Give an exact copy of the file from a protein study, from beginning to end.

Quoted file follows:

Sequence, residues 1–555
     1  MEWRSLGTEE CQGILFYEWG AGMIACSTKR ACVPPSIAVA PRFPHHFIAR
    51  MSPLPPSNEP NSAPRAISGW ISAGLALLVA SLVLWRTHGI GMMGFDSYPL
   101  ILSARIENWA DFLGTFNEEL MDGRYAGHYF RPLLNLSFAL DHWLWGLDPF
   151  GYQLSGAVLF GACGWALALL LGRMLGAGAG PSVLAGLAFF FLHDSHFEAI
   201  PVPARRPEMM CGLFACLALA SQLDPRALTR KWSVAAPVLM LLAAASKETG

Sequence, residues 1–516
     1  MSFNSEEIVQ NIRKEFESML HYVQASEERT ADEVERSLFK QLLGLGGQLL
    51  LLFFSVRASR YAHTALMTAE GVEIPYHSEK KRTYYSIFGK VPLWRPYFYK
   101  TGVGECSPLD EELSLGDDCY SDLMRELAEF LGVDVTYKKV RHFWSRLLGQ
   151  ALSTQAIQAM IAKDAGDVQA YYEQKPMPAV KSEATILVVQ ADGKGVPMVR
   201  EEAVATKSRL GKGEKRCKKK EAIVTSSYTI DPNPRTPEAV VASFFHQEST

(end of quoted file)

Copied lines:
Sequence, residues 1–555
     1  MEWRSLGTEE CQGILFYEWG AGMIACSTKR ACVPPSIAVA PRFPHHFIAR
    51  MSPLPPSNEP NSAPRAISGW ISAGLALLVA SLVLWRTHGI GMMGFDSYPL
   101  ILSARIENWA DFLGTFNEEL MDGRYAGHYF RPLLNLSFAL DHWLWGLDPF
   151  GYQLSGAVLF GACGWALALL LGRMLGAGAG PSVLAGLAFF FLHDSHFEAI
   201  PVPARRPEMM CGLFACLALA SQLDPRALTR KWSVAAPVLM LLAAASKETG

Sequence, residues 1–516
     1  MSFNSEEIVQ NIRKEFESML HYVQASEERT ADEVERSLFK QLLGLGGQLL
    51  LLFFSVRASR YAHTALMTAE GVEIPYHSEK KRTYYSIFGK VPLWRPYFYK
   101  TGVGECSPLD EELSLGDDCY SDLMRELAEF LGVDVTYKKV RHFWSRLLGQ
   151  ALSTQAIQAM IAKDAGDVQA YYEQKPMPAV KSEATILVVQ ADGKGVPMVR
   201  EEAVATKSRL GKGEKRCKKK EAIVTSSYTI DPNPRTPEAV VASFFHQEST